Because they were attempting to establish their careers simultaneously in London, Shannon and Harold Burke likely knew each other. Shannon had painted portraits of a Mrs. Charles Burke and Charles Burke (shown at the New English Art Club in 1887 and 1888, respectively), who were presumably the brother and sister-in-law of Harold Burke. However, Harold Burke's was a privileged background (he was educated at Cheltenham College and Liège University and studied at the Royal Academy [London] and in Paris at the École des Beaux-Arts) and because of that, he and Shannon likely did not travel in the same circles. Burke's artistic accomplishments were ultimately minor ones, perhaps in part because he had no pressing financial need to succeed. His chief exhibition outlet was the Royal Society of British Artists of which he was vice president from 1915 to 1919.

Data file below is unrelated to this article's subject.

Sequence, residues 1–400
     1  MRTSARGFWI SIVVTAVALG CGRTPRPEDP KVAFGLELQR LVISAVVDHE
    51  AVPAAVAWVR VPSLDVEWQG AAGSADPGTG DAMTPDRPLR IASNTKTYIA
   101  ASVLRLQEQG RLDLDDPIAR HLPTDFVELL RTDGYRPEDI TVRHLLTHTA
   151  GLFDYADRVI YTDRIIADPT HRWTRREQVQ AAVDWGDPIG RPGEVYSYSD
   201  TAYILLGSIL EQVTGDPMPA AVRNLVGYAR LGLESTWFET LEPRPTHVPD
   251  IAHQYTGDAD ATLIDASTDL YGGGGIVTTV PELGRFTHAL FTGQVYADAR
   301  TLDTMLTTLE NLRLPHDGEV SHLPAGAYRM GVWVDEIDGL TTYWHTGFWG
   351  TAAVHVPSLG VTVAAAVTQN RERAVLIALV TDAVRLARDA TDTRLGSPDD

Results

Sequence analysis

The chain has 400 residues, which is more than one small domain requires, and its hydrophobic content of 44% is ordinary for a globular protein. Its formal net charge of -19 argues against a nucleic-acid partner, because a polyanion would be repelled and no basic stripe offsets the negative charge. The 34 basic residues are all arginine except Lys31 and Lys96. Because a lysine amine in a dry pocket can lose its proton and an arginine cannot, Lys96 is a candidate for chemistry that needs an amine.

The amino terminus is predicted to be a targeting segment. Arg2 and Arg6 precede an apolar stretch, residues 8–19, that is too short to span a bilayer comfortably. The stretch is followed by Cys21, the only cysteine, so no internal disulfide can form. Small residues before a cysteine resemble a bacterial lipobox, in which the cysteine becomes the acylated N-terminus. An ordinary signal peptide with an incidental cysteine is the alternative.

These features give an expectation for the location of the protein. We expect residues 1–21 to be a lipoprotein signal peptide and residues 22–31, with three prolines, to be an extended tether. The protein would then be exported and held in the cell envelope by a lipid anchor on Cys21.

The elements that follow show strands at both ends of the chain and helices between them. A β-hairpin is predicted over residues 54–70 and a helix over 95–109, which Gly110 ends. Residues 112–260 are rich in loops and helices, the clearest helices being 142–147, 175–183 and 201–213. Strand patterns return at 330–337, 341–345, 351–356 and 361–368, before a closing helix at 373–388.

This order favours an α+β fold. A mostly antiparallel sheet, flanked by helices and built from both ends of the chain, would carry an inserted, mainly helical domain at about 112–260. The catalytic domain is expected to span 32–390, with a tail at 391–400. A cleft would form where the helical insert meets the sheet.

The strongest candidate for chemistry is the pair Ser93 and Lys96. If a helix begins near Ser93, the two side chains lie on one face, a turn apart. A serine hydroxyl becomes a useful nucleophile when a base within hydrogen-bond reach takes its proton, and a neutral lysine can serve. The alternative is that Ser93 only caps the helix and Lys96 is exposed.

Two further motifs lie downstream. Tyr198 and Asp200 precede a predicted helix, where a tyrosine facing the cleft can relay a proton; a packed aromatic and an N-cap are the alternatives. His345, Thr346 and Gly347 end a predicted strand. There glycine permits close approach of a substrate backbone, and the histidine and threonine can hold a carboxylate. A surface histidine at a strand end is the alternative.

Although the portrait received favorable reviews when it
was shown at the New Gallery (London) in 1898, it was subsequently modified,
most likely at the behest of the sitter.
1 Harold Burke was the son of James St. George Burke, QC, and had a younger brother, Charles Carrington Burke (1853-1904).
2 The painting was reproduced in A Record of Art in 1898 (London: The Studio, 1898), 78, and originally showed a cat lounging on a settee against which Mrs. Burke was leaning. The author's conversation with a collateral descendant of Beatrice Burke indicated that she owned a beloved dachshund, a fact that may account for the modification of the painting.
To view additional images from the exhibition with accompanying essays, please click here.
Resource Library editor's note:
Resource Library wishes to extend appreciation to Julianna Tancredi, Registrar & Administrator, Debra Force Fine Art, Inc., for help concerning permission for reprinting the above texts.